Finally, on August 16 — her birthday — Madonna and Ritchie took Rocco home. Later that night, some close friends and family joined them, and Rocco’s big sister, for a small birthday dinner. “The whole week was emotional, as you’d expect, but I’m not going into every little detail,” says Madonna. “Let’s just say the day we brought him home was a very happy one.”

That feeling radiates through the household. “Fatherhood is unbelivable,” Ritchie said a few weeks after Rocco’s birth. “I suppose it’s like a huge wave of love but much stronger than that.”

Indeed, when Mazar gave Rocco his first haircut, she endured the watchful glare of his nervous mother. “As I trimmed,” Mazar recalls, “she said. ‘If you cut him. I’ll f—ing kill you.’”

Though she’s as tough as ever, Madonna is in many ways not the same woman who dropped out of the University of Michigan to seek fame in 1978. Unless she hears one of her old songs on the radio (”I think, Damn, that’s good,” she admits). Madonna doesn’t even think about her early or middle-period material. much less perform it. Nor is she so absorbed with her own image, so determined to be on the verge of the next Big Thing. “Ten years ago you’d ask her to recommend a personal trainer,” says her longtime backup singer Nikki Harris. “Now you call her with any ache or pain, and shell have the perfect doctor.”

With that evolution, say friends, she seems to have found the inner peace and joy she longed for back when she was writhing onstage in a wedding dress or simulating oral sex with a soda bottle in the movie Truth or Dare or posing nude in her Sex book. “She’s grown up,” says Harris, “Motherhood has definitely calmed her.”

So, apparently, has turning 40. “Yes, there are those moments when I can’t believe I’m as old as I am,” says Madonna. “But I feel better physically than I did 10 years ago. I’m doing more. I’m more fulfilled than 10 years ago. And I don’t really have those moments when I think, Oh, God, l’in missing something.”

Certainly children have filled some of the perceived void, but so has meeting Ritchie, her first serious boyfriend since her breakup with Lourdes’s father, personal-trainer-turned-actor Carlos Leon. “It’s always been difficult for her so find a man,” says friend Sting whose wife, Trudie Styler, intentionally sat Madonna and Ritchie next to each other at a luncheon two years ago in England. “She needs someone powerful, and I’m spoken for. But we weren’t really playing Cupid.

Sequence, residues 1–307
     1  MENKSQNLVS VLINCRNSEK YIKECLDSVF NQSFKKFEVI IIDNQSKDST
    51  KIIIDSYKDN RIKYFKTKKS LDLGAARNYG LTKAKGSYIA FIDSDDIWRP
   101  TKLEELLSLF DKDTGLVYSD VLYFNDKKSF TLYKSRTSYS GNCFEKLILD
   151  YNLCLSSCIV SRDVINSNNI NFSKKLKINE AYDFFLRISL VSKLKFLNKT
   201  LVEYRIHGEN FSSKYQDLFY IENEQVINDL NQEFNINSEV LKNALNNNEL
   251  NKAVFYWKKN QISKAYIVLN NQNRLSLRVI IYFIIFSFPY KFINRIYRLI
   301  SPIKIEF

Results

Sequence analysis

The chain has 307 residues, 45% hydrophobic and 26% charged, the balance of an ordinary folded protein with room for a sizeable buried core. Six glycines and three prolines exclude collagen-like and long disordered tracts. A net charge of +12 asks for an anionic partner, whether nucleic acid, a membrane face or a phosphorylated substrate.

For about a year, she and Ritchie kept up a relationship that Madonna calls long-distance angst.” Then it turned serious, and warm. “I felt like he’s my equal, and that hard to find,” she says. Even Leon likes him. “It’s shocking how civilized they are to each other,” says Madonna. But friends think the chemistry between Madonna and Ritchie is perfect. “This one seems different than past relationships,” says Mazar. “He’s definitely giving her a run for her money. He’s smart, he’s busy, and he’s got a career. He keeps her on her toes.”

But he also knocks her off her feet every so often with gifts like the hefty diamond she has on her ring finger. “I had absolutely no idea it was coming,” says Madonna, recalling the day she brought Rocco home from the hospital. She had just sat down in front of her breast pump when she spotted a paper bag on the table. “It was all crumpled up, and I though, Ugh, you know, can’t my housekeeper tidy up around here?”

Madonna - Us Weekly / October 02 2000

“I almost threw the bag away,” she continues. “Then I noticed there was something in it. There was a little box. Then I saw a card. In it was a really sweet letter that he wrote to me, about everything we’ve been through, and my birthday, and the baby, and how happy he was. I thought he had bought me some really nice earrings or something. Then I opened it up. It was a diamond ring, and I screamed. It was shocking. I’ve never had a diamond ring!”

Never? “Even when I was married. I had a simple wedding band,” says Madonna, who divorced Sean Penn after four years, in 1989. “I never liked big rocks on my finger — well, I do now.” Is marriage next – perhaps around Christmas, as the London papers predict? “I wouldn’t say it’s an engagement ring – at least not right now,” she says. “We talk about marriage, but we can’t decide whether it’s something that’s necessary.”

Nor would it be such a big change. “I know that I can’t have a proper relationship, have a child with someone and share a life with someone unless I’m willing to nuke changes in my life,” says Madonna. “And I started doing that a year ago. We already live like we’re married.”

Just then Ritchie – in a white T-shirt and navy shorts — pokes his head into the living room, surprising Madonna. “Go away,” she says, embarrassed. “We’re talking about you.” Then Madonna reconsiders. “No, first tell me how much of that conversation you heard?”

“I didn’t hear anything,” he says.


After a brief visit, including a report that Rocco has gone back to sleep, he disappears. “You don’t want to blow too much smoke up their ass,” she says, smiling. “Otherwise they won’t run errands for you.”